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CHAT CORNER

‘Kathakali must get new-generation viewers’


Using cholliyattam for the performance makes Kathakali a more accessible and inclusive art form…


Photo: S. Gopakumar

Ettumanoor Kannan

Get Ettumanoor Kannan to talk about his work, his past and his plans, his world view, his forthcoming projects, and you recognise his passion for Kathakali. Having recently choreographed ‘Rugmangacharitam,’ Kannan is humbled by the response.

Coming into Kathakali at the age of nine, he topped four successive youth festivals. Trained under masters like Kalamandalam Vasu Pisharady and Guru Mani Madhava Chakyar, he believes the impatience of his youth was reigned in by his years with such greats. As the sole representative from India at the Asia-Pacific Performance Exchange, 2000, at the University of California, Kannan says it was an ‘eye-opener’ for the experience and exposure to the diversity and likeness he discovered among the participants.

Kannan who followed up his M.Phil in Theatre Arts with a doctorate in ‘Theatre-oriented diction in Kottayam Kathakali plays’ is back to academics, working for a Masters in Clinical Psychology, “because the insights will aid my performances too.” Excerpts from an interview

Grooming under Kalamandalam Vasu Pisharady of the Vazhenkada school of Kathakali

Vasu Pisharady Asan was a purist to the core. He was a fine combination of the guru and the performer, something that is quite difficult to achieve. Purist that he was, he was quick to identify my tendency to introduce my own bits into performances. On many occasions he would be waiting in the wings for his entry, but rarely would he forget to give me a severe pinch when I made my exit! Very early I trained under Kalanilayam Mohanakumar and after Vasu asan I spent a year with Guru Mani Madhava Chakyar to acquire the guidance in ‘mukhabhinaya.’ Particularly the sadhakam with the eyes.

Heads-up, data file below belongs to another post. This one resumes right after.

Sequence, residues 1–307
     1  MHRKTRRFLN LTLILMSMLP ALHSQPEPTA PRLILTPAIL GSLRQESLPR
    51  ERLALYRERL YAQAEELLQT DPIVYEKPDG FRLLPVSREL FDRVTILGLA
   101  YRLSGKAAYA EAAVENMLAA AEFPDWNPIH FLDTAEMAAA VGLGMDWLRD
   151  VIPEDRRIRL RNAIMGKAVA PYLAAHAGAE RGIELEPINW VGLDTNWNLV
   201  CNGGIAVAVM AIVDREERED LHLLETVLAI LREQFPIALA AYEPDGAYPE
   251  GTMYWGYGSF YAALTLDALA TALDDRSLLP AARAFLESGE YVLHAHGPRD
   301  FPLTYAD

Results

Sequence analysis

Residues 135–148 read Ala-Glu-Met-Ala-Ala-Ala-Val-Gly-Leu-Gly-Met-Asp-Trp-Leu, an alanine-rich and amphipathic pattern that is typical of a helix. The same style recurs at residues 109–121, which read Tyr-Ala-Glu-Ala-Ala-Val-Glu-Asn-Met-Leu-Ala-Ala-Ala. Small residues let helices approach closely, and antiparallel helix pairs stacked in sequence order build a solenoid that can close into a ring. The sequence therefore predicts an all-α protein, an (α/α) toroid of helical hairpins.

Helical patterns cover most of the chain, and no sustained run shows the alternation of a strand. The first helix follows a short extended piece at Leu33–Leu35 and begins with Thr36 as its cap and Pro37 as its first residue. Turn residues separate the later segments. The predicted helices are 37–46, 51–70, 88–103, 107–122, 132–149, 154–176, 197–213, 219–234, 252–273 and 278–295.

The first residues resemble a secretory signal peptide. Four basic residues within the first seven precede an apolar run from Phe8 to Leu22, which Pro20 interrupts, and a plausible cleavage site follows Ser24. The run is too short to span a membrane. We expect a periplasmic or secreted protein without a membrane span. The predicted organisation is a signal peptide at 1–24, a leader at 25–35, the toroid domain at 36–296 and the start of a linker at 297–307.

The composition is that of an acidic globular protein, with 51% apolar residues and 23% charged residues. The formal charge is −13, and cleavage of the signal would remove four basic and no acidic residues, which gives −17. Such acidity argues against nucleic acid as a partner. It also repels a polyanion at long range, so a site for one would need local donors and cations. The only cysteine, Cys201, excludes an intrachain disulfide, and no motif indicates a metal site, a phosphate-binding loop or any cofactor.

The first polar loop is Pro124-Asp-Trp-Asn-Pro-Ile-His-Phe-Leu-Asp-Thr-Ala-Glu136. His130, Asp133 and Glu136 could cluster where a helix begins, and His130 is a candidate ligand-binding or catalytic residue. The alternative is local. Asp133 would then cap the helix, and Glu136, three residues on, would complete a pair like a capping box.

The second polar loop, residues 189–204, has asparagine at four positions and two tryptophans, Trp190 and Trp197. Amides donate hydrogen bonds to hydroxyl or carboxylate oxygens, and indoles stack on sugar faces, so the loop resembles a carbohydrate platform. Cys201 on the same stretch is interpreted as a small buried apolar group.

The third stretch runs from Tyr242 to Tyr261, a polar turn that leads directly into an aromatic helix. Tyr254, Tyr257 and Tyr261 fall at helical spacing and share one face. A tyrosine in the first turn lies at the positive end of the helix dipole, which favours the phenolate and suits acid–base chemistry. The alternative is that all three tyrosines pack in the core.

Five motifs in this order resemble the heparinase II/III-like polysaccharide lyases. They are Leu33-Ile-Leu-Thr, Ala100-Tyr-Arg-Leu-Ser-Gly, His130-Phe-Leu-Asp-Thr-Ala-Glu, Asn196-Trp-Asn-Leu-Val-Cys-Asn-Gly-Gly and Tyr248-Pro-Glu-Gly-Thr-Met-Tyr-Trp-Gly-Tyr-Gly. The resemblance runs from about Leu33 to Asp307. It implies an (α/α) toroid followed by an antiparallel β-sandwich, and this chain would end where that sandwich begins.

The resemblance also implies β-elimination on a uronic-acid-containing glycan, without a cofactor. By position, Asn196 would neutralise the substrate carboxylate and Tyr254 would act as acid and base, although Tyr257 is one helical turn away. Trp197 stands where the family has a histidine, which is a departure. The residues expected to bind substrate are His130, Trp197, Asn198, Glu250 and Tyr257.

Attempts to adapt Shakespeare’s plays for Kathakali

Be it Macbeth or Oedipus, I consider adapting them a part of my growing up and attempts at experimentation as an artist. A collaboration between Shakespearean idiom and our own grammar is okay, but the ideal situation is to use our own themes and work on those. A new work should be a new growth and new space for the same work.

Choreography of ‘Rugmangacharitam’

The ‘chitta’ always had a sanctity that was never tampered with, so texts rarely acquired a new approach. What I tried was to visualise a part of the story that had not been ventured into so far. Part One of the text that required the ‘vimanam,’ naturally, never was performed; therefore choreographing the vimana scene was a culmination of many years of planning. One day it seemed the pieces of the jigsaw puzzle fell in place and I could create the scene on stage. As in semiotics all stories have already been told, we are only creating a new order for re-telling the tales.

‘Cholliyattam’ as a means of familiarising viewers with the nuances of Kathakali

Very often you realise that the style itself can be its limitation too. A seasoned viewer can absorb all the elements of the form simultaneously, but the average viewer misses out on the finer elements because he is awestruck by the very presence of the character with heavy make-up and a larger than life presence. Using cholliyattam for the performance makes Kathakali a more accessible and inclusive art form, I believe.

I have taken the Kuchipidi exponent Vempati Chinna Satyam’s approach whereby he brought changes to the dance form without draining the dance of its core. The percussion support comes from the chenda and the maddalam. The essentials of Kathakali remain intact even while I use cholliyattam and I am sure there will be a space for such a performance at festivals, where Kathakali rarely gets the recognition it deserves.

As a resource person at the National School of Drama

I had taken up what was essentially a sort of ‘Kalari abhyasam’ that was earlier taught to students by Kathakali asans. While I retained the physical aspect, I also included abhinaya by integrating it with a part of the ‘Mrichakatikam.’ This blend was a success, and it was a gratifying moment to hear the Director of the School, Anuradha Kapur, remark, “You could make a change on the campus.”

With the small screen taking up entertainment time-spaces, gaining a niche for Kathakali …

In fact a 643-episode production based on the ‘Bhagavat Gita,’ is slotted for an August telecast on the Amrita channel. Every word that can be visualised is taken up and the philosophy that comes through ceases to remain abstract because it is visually presented using cholliyattam. Kathakali must get new-generation viewers and the cholliyattam format will certainly break the mindset that Kathakali is difficult to follow.

BHAWANI CHEERATH

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